After the Windward (or Grain) Coast, the instructions of the directors of the MCC dictate The Unity to sail down the coast until Cape Lahou, now known as Grand-Lahou in modern-day Ivory Coast.
The purchase of enslaved Africans progressed slowly. Especially along the Windward Coast the crew was only able to purchase a few persons a day – with a total of 58 people. These included 7 men, 22 women with 4 small children, 19 boys and 10 girls.
Towards the end of January the second stage of the voyage along the coast began. On reaching Grand-Lahou (Cape Lahoe) in Ivory Coast the nature of the trade changed drastically, as enslaved Africans were bought by the dozens. The ship remained anchored at Cape Lahou for quite some time, from February 9 till the 22nd of 1762.
Building the Bunks
Apparently the captain was aware of the increase in trade, because the day before the ship’s arrival at Cape Lahou he ordered the crew to put together bunks on the ‘tween deck. These bunks created extra sleeping areas for the prisoners.
The first bunks were built on the starboard side of the ‘tween deck, below the waist deck where the African men were held, on February 8, 1762. A few days later, on February 12 and 14, the bunks for the African women were built on the aft tween deck and the quarterdeck, and finally, on February 17, the last bunks were added for the African men.
The bunks formed the final modifications made to the ship to ensure its ability to carry a large number of prisoners. Others which had already been implemented included the partition, the latrines and the galley for the enslaved people.
The Jacob Maria, a snow ship from Vlissingen, captained by David Sylonimi was already moored at Cape Lahou when the Unity arrived there. Captain Menkenveld fired five shots in greeting. A week later he did that again, when the slave ship The Guinean Friends, captained by Mejier, arrived from Amsterdam.
Cargo of a Sailor
The officers and surgeon of The Unity were not allowed to trade for personal profit. They did however, receive a premium for each African sold in the Caribbean. The lower ranks of the crew were allowed to trade privately, though the amount of goods they could take was limited, as can be read in the working conditions terms. The limit depended on rank. A sailor was allowed to take 75 guilders worth of goods, including a maximum of one chest of bottles of liquor, or two halve anchors (including personal consumption).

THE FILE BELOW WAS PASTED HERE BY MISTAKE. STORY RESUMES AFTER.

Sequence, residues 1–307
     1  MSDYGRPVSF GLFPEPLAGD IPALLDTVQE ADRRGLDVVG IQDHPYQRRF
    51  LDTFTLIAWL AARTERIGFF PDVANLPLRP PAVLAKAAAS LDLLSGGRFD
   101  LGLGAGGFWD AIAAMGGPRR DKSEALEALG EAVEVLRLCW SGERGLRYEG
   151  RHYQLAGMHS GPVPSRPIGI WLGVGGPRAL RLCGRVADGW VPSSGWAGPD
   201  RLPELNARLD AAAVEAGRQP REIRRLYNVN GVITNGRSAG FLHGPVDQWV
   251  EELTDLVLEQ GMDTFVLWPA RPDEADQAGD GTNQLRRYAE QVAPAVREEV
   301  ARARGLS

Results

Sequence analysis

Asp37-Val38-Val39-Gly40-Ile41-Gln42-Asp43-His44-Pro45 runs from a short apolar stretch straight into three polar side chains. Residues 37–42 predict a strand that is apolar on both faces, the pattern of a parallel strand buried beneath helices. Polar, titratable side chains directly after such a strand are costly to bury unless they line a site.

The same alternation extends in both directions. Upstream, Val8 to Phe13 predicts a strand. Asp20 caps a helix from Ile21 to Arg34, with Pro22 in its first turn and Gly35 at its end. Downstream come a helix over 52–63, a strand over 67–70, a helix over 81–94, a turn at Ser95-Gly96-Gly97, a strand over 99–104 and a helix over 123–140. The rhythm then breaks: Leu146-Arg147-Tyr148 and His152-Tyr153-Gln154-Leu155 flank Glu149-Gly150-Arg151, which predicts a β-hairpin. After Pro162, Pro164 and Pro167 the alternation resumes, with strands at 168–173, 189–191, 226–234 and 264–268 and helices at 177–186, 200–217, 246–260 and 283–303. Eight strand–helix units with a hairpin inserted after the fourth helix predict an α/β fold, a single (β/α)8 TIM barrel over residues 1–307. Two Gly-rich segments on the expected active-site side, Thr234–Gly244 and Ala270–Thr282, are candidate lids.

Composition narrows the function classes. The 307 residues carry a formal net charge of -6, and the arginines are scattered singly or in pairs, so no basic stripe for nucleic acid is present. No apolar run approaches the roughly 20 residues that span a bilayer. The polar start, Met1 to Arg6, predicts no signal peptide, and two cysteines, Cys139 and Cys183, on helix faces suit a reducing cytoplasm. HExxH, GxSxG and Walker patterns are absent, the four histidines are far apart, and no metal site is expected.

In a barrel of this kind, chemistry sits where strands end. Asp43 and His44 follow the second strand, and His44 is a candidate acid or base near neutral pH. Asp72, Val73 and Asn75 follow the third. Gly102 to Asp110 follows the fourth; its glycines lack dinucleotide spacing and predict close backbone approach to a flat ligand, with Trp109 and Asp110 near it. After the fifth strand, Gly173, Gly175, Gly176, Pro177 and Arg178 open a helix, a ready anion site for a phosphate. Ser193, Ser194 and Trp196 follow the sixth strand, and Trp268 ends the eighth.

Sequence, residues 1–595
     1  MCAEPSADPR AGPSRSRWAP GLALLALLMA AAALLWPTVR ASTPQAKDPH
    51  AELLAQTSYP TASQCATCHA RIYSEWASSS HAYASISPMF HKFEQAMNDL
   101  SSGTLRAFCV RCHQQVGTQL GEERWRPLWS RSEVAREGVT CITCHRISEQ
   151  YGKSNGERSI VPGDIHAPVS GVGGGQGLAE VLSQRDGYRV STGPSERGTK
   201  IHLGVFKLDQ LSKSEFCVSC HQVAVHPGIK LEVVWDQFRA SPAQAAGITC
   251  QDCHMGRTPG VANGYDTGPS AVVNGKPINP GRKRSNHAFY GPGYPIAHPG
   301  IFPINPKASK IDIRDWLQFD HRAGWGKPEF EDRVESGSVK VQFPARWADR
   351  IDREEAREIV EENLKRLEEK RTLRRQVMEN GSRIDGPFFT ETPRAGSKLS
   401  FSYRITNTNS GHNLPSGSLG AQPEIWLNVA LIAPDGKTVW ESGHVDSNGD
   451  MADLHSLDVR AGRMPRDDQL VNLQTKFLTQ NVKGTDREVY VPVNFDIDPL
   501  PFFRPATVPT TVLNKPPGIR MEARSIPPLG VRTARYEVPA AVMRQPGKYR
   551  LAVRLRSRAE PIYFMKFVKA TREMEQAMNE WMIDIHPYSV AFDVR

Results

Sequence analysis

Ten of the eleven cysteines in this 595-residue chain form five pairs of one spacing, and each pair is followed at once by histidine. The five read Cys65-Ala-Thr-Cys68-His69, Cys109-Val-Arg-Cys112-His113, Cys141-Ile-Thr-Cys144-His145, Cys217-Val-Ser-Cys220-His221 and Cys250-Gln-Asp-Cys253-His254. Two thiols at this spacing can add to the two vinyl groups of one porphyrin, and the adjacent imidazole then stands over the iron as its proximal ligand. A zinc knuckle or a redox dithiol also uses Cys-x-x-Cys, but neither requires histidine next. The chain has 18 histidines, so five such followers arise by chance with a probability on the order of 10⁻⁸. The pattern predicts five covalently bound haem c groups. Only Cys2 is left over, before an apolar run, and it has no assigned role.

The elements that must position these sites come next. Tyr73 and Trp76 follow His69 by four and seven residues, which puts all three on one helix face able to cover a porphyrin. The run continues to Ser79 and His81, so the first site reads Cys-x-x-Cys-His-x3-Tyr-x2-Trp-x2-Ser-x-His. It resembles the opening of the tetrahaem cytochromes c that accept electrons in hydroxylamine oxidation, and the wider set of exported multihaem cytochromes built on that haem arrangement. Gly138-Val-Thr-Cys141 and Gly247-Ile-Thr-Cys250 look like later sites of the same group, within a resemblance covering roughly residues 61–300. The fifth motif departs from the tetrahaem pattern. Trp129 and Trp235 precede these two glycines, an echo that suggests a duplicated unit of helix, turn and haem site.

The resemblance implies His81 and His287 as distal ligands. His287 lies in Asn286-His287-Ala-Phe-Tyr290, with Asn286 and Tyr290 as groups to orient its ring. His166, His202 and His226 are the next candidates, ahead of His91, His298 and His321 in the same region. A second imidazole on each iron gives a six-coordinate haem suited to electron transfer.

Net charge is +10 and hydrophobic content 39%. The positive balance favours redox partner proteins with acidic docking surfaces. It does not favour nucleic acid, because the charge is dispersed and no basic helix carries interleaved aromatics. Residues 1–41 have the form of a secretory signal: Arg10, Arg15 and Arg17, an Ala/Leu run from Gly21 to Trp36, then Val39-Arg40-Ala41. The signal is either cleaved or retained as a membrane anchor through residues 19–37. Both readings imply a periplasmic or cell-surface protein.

We know the goods taken by one sailor on board The Unity: Maarten Capper from Flushing. He drowned on February 16, 1762 at Grand-Lahou (Cape Lahou) in Ivory Coast, while he was out trading with the boat with some other crew members, perhaps even trying to sell his own goods. On his death, his trading stock still included pieces of textile and kettles. His private possessions include a gold scale with gold weights, which he would have needed to conduct business at Cape Lahou: gold was used as currency there. They also consisted of clothing, shoes, boots, a cap, two hammocks, knives and a Bible.
Both personal possessions and personal trading goods were auctioned off among the crew members. The goods fetched more than 90 guilders, roughly 960 dollars. The personal possessions added up to 54 guilders; Maarten had also lend out money to his fellow crew. Altogether the personal possessions fetched 150 guilders, roughly 1590 dollars in modern terms.
Africans on Board
In this second stage of the voyage, from January 23 till February 22 1762, 216 Africans were bought in total. This included 274 men, women, boys and girls, and 7 small children, all of whom were held on board The Unity. In the evening and at night they were locked inside on the ‘tween deck of the 75 foot long and 23 feet wide ship. The people who had been bought along the Windward Coast had been imprisoned for one-and-a-half months by now. So far though, no prisoners had died yet.